1. Hero-Jean629
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    Hero-Jean629 Member

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    Does this beginning sentence hook/pull you in?

    Discussion in 'Word Mechanics' started by Hero-Jean629, Dec 19, 2011.

    I wrote the prologue to my story which is a big first for me and I'm wondering if the beginning sentence pulls one into reading more? If you'd like, I'll post the prologue but I was just wondering if this first sentence seemed...good enough.

    "She had personally held that statue responsible for everything that had ever occurred in her life subsequent to the dreadful, angst-ridden age of fourteen."

    Not much but when I looked through all my other books, they didn't seem to have much either.

    Please and thank-you for reading and responding :)
     
  2. Steerpike
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    Steerpike Felis amatus Supporter Contributor

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    It has potential, but I think it is needlessly wordy, and that takes away from the effect it might have. I don't like prologues, as a rule, but if you're going to go with one I'd prefer to see a name instead of "she" and some tighter writing. For example:

    Sarah held the statute responsible for everything that happened to her after the dreadful age of fourteen.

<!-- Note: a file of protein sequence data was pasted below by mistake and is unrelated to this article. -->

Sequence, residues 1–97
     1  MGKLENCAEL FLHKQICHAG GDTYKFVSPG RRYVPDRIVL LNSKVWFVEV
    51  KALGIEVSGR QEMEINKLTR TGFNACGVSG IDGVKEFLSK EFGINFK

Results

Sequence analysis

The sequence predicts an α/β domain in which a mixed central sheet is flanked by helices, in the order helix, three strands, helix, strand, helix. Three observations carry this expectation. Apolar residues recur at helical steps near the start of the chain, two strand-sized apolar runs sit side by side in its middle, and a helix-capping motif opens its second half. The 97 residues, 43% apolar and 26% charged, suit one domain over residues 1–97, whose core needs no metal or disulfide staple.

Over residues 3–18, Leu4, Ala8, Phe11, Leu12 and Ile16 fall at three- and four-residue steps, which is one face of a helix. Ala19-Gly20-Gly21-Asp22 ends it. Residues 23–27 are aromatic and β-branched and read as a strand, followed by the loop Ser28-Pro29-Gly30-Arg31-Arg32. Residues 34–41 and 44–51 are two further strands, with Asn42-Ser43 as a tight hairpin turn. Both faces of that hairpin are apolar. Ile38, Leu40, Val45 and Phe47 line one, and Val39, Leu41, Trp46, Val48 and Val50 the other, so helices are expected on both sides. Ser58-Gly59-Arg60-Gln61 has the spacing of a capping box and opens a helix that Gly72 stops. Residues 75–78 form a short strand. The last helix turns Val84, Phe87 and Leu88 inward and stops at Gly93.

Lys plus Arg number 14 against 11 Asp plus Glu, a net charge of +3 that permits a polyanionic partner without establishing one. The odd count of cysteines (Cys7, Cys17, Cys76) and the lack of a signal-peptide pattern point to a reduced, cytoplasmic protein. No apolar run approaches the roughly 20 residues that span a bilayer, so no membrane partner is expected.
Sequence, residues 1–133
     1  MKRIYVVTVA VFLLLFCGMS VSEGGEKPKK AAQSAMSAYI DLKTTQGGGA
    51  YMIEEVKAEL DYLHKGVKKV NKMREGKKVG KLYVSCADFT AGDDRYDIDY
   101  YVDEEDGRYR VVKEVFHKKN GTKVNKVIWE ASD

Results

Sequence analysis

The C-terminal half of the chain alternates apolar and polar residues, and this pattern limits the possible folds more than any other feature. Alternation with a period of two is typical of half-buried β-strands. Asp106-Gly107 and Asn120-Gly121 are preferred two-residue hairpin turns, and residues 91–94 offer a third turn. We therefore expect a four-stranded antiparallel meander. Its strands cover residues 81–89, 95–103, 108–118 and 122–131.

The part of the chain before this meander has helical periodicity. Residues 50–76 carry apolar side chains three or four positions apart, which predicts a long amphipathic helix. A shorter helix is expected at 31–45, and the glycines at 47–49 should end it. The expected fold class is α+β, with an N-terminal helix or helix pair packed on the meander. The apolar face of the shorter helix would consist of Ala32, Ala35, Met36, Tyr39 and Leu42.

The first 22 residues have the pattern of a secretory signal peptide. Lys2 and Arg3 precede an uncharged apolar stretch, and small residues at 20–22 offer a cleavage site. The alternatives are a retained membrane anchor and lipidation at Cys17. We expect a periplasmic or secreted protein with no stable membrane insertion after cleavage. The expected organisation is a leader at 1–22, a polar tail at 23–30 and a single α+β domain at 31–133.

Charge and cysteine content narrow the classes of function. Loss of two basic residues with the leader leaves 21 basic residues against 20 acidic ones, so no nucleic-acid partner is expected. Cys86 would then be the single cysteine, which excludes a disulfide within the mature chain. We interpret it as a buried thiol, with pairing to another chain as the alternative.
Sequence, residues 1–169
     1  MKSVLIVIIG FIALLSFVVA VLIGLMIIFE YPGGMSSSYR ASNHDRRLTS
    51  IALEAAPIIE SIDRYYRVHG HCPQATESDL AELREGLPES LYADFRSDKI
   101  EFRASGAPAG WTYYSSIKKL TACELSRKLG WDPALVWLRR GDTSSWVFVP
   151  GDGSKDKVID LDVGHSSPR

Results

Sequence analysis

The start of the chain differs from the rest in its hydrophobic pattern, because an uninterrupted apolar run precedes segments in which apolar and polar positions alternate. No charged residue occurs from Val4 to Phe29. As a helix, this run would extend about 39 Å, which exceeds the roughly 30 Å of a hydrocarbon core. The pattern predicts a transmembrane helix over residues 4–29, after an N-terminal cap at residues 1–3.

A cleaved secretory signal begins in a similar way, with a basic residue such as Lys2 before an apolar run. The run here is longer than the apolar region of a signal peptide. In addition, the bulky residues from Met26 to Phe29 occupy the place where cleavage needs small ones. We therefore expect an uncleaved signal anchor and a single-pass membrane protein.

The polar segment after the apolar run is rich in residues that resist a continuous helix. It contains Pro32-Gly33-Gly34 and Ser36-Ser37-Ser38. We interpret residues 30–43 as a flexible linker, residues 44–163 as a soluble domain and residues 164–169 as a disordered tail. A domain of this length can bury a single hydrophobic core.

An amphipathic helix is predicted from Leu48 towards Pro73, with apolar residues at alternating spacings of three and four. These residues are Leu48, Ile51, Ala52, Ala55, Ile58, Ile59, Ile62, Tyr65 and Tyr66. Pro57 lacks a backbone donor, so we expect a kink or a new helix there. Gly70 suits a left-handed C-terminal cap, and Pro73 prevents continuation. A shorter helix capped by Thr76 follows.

Not that you should use that; it merely illustrates a point.
     
  3. Hero-Jean629
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    Hero-Jean629 Member

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    I have a problem with things being too "wordy" :( I just feel like if I make it too simple then it won't attract enough attention. I don't think I need the prologue either but I feel like it just sets a setting inside the book which I have been told is often wrong. And as for the name, I just didn't want to reveal what it was until the near end.
     
  4. lostinwebspace
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    lostinwebspace Active Member

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    For me, it's too long to be a good hook and goes through too many topics: she, a statue, everything in her life, her age, and the fact that it's dreadful. I find it hard to wrap my mind around everything the sentence wants to tell me. The idea for your hook is there, so it's in the right direction. It's just a matter of giving it more oomph, and to do that, you need simpler and fewer words.